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Visitor Information

Etz Hayyim Synagogue will remain closed until 8 January and open again to the public on Monday, 9 January.

Etz Hayyim Synagogue welcomes visitors of all backgrounds and faiths

We kindly ask that visitors respect the following:


  • As Etz Hayyim is an active synagogue, visitors must please dress appropriately. Kippot and prayer shawls are provided at the entrance
  • Etz Hayyim does not receive any Government/State funding so we rely on the generosity of our supporters.  A minimum contribution of 4 euros per person will crucially help to fund the day-to-day running and maintenance of the synagogue
  • Groups (of more than 10 people) must notify the synagogue at least 24 hours in advance with the number of guests and approximate time of visit. Tour operators are required to leave a contribution of 4 euros per person with the staff to support the upkeep of the synagogue
  • Guided tours of the synagogue are exclusively given by the staff
  • Photography is permitted inside the synagogue, except for selfies
  • We recommend the use of masks inside the synagogue


Usual synagogue opening hours are Mondays to Thursdays 10 am- 4 pm, Fridays 10 am- 3 pm. The synagogue is closed on Saturdays and Greek public holidays.


  • During our opening hours, the Etz Hayyim staff gives guided tours on request to visitors about the history of Etz Hayyim Synagogue and the local historic Jewish Quarter, Evraiki, as well as the Cretan Jewish community
  • Information pamphlets in a number of languages are also provided to visitors inside the synagogue
  • The facilities of the synagogue (Mikveh, exhibitions) are accessible during our opening hours
  • .We need your support! Please consider making a donation to Etz Hayyim Synagogue. Click on the link “Donations” below for further details.

Etz Hayyim is first and foremost a place of prayer and recollection


.Today, Etz Hayyim has a small resident community of (Jewish and non-Jewish) members of all nationalities and faiths who regularly attend our services and celebrate most holidays. We also have a large international Havurah (circle of friends) of people who have discovered Etz Hayyim and return to Chania and to the synagogue when they can. As well, over 25,000 tourists visit us every year. Everyone who wishes to participate in the life of Etz Hayyim is welcome!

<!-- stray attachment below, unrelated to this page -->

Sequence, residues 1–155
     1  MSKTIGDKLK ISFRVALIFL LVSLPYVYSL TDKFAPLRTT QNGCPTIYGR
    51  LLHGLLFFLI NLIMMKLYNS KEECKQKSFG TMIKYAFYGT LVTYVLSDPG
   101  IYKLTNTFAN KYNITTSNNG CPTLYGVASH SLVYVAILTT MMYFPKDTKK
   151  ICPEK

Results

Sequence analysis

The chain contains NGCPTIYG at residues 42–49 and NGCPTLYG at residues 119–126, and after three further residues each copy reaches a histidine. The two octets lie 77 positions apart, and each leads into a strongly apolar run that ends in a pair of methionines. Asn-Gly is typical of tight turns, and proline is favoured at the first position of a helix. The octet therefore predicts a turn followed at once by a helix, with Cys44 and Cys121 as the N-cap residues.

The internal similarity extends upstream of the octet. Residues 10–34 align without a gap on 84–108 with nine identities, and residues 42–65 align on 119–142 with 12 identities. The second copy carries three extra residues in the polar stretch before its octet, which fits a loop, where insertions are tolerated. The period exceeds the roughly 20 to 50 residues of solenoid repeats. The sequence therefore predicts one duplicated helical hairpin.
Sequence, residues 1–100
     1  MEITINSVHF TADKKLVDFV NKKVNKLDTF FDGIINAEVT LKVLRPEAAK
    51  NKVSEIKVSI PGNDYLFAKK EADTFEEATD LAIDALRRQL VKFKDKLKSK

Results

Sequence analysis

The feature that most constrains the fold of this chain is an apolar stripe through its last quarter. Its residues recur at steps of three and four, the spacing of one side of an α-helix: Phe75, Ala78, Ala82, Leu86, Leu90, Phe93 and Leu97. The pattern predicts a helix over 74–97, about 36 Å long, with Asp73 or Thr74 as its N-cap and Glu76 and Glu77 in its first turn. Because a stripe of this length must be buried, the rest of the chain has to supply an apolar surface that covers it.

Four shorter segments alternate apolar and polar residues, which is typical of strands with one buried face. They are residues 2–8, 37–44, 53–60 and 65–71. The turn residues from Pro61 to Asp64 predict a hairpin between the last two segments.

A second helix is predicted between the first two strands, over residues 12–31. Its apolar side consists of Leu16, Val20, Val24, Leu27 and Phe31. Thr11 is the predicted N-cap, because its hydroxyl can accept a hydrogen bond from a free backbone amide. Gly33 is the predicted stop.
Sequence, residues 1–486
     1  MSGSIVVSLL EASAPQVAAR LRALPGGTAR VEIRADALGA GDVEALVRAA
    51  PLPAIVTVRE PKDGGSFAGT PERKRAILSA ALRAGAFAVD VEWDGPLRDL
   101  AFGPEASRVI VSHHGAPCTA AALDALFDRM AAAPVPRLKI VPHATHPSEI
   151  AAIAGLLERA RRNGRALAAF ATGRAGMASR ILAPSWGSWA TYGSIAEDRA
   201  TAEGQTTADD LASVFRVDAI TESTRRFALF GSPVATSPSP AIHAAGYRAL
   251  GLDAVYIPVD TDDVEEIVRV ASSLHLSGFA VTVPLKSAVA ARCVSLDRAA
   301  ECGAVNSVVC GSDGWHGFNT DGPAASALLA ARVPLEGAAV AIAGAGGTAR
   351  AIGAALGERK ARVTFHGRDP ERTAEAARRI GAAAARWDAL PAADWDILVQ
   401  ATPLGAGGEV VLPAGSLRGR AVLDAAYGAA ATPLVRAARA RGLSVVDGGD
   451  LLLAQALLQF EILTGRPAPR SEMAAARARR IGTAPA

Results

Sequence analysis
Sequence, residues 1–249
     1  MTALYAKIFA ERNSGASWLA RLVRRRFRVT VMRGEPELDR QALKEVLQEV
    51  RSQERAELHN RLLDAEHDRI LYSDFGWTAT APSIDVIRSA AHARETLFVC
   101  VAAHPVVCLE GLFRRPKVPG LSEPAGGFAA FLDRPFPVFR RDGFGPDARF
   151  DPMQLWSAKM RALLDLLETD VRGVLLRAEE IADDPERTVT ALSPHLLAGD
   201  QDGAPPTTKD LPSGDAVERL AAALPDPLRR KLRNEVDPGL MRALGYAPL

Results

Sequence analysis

While Etz Hayyim is a Romaniote synagogue, today our liturgical practice is Sefardi and the Siddur that we use is the traditional form as it has evolved in Jerusalem and Safed. Kabbalat Shabbat prayers are held each Friday evening. For candle lighting times and upcoming Holidays also see our events.

Torah Shrine (Ehal) at Etz Hayyim.
Torah Shrine (Ehal) at Etz Hayyim.

Kosher food on Crete

To our knowledge, there are no certified kosher facilities of any kind on Crete. Individuals concerned about Kashrut should consult the Athens Jewish Community or the Athens Chabad office. There are, however, two vegetarian restaurants in Hania’s Old Town that are open between May and October

Anyone interested in the culinary traditions of Greek and Cretan Jews may also consult “The Cookbook of the Jews of Greece” and the “Western Cretan Cookbook” by Nikos Stavroulakis. Both books are available against donation at the synagogue

Please see our calendar of events for the current schedule of Jewish festivals/holidays.


Events at Etz Hayyim Synagogue are organised according to the Jewish liturgical year, but also includes occasional concerts and lectures. For our services, including Kabbalat Shabbat on Friday evenings, we do not always have a minyan (a quorum of ten men over the age of 13 required for traditional Jewish public worship). Nevertheless, we still hold services regardless of whether we have a minyan or not and we welcome people of all faiths who want to participate or to pray at any time during our opening hours. We can provide upon request sidurim (daily prayer books) according to the Sephardi and Mizrahi traditions and mahzorim (festival prayer books) for all of the major Jewish festivals, together with talleths (prayer shawls) and tephillin (phylacteries containing scrolls of parchment with verses from the Torah). We also have prayer booklets that are based on Conservative, Reform and Reconstructionist texts that permit active participation for most Jews and even non-Jews. Some of the annual Jewish festivals that Etz Hayyim observes include:


Rosh Hashanah (New Year)

Our New Year at Etz Hayyim begins with Arvith (evening) prayers in the synagogue after which we assemble in a nearby restaurant for a vegetarian communal meal that includes the Greek Jewish custom of pomegranates and apples soaked in honey, followed by baked fish, among other delicacies.


Yom Kippur (Day of Atonement)